The school recognises the importance of collaboration and relationship management when our students grow and venture out into the VUCA (volatile, uncertain, complex, ambiguous) future. Our students will need to be equipped with the essential knowledge and skills and possess affectionate disposition to make responsible decisions when they are faced with relational difficulties in future.
Hence, our school adopts a two-pronged approach to discipline, applying the concepts of Restorative Practices (RP) and Responsible Thinking Process (RTP). The concepts of RP and RTP are implemented hand-in-hand and complement each other.
With the notion of student-centric, value-driven education in mind, RP allows the children involved to:
- have a chance to share their side of the story and be understood
- understand better how the misbehaviour or conflict happened
- realise how their actions affect others
- take responsibility to manage their own feelings and that of others
- contribute to ways to put things right or to make things better in future
Through the RP process, what is being restored is often something between the people involved such as relationships and friendships, effective communication, respect and empathy. Within the individual itself, a sense of security, self-confidence, self-respect and dignity is often restored as well. As a whole, the RP process results in the restoration of the students’ sense of belonging to the school community.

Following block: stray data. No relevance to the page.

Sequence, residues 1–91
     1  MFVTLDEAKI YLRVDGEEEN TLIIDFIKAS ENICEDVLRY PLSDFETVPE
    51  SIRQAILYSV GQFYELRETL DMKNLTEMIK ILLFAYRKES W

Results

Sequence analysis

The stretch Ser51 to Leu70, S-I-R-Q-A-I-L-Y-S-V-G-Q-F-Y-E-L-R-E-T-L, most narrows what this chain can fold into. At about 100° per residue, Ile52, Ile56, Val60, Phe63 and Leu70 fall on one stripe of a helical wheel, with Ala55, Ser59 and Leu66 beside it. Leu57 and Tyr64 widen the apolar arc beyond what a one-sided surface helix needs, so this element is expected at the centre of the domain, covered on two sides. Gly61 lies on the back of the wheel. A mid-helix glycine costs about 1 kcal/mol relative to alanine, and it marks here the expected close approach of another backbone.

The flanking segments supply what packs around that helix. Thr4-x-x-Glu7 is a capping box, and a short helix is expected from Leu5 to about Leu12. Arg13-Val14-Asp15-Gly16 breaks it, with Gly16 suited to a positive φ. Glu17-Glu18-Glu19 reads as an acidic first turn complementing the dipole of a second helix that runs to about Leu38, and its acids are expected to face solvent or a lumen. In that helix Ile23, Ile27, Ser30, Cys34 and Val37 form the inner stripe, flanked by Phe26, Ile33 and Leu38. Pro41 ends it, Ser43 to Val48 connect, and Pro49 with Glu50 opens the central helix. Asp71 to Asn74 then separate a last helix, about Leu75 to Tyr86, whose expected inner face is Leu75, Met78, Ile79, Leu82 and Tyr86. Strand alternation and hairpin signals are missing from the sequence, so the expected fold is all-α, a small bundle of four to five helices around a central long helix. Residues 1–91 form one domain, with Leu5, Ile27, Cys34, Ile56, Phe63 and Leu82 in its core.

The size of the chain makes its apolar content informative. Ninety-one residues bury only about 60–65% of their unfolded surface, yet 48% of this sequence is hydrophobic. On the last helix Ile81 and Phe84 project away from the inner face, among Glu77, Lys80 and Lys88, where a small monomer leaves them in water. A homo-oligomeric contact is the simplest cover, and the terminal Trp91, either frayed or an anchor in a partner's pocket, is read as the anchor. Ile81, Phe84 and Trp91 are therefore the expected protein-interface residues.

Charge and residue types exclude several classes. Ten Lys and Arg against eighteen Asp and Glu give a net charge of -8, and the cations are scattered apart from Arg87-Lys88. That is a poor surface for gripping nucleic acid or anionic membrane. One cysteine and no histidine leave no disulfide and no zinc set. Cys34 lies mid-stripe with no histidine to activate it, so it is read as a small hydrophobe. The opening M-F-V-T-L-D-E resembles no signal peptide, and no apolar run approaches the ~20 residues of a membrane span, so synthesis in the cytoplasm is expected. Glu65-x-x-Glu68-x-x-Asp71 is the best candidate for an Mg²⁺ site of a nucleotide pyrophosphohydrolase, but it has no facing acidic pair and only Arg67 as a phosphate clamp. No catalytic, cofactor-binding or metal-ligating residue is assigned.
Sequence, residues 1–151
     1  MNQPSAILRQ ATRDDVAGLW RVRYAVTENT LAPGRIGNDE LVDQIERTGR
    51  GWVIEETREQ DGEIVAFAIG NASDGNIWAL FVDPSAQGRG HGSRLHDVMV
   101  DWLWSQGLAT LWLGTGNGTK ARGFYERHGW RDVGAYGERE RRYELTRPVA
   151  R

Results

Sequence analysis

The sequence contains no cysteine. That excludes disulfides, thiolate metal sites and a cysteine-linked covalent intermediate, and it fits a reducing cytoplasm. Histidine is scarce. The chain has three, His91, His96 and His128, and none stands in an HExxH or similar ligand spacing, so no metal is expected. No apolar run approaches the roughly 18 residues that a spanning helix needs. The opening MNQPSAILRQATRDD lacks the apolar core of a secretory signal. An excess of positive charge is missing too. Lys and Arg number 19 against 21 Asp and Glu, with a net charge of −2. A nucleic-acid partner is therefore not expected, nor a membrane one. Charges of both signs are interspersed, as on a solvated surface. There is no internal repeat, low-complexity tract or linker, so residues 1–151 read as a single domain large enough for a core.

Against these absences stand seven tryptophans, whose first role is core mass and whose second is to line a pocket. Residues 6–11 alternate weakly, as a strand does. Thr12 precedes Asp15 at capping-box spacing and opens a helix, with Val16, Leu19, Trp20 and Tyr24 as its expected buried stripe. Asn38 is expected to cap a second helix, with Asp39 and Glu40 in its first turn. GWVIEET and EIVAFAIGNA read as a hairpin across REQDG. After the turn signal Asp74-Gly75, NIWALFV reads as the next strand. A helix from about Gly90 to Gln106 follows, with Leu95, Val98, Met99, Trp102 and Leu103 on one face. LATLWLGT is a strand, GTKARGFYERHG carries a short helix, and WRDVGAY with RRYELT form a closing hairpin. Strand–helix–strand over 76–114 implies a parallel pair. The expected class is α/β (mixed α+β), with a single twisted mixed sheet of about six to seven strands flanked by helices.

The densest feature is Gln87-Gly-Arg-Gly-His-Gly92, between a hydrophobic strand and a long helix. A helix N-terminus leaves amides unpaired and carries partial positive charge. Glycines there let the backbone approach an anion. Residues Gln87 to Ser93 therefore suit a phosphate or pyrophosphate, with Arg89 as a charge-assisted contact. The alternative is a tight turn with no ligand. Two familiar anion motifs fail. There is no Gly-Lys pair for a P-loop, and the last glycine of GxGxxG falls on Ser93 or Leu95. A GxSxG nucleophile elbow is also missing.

While RP’s focus is on repairing harm and restoring relationships, RTP focuses on the process of monitoring their own behaviour by taking responsibility for what they do. This may include harm done to oneself and irresponsible behaviour affecting one’s own well-being for example, in issues such as late-coming and delay in the completion and submission of assignments. RTP is designed to develop a sense of responsibility for their own lives and respect for everyone around them, based on Perceptual Control Theory (Powers, 1973).
Through RTP, respect is being taught to the students by the following ways:
- listen to what the student is saying without being critical and without trying to control their answers
- by focusing the student on how they are disturbing others, showing respect for others and respect for rules are being taught
- by asking the students questions that will help them acknowledge and resolve the problem, respect and the notion of accepting consequences for their actions are being taught
All in all, it is in the spirit of nurturing the Singapore heartbeat in our students with the aim that they will make sound decisions based on moral thinking, moral feeling and moral actions.
c) Cognitive Dimension
This refers to the need for learning so as to promote student motivation and engagement in learning. The school has put in place a systematic identification, monitoring, assessment and provision of support for students requiring learning intervention and special needs support.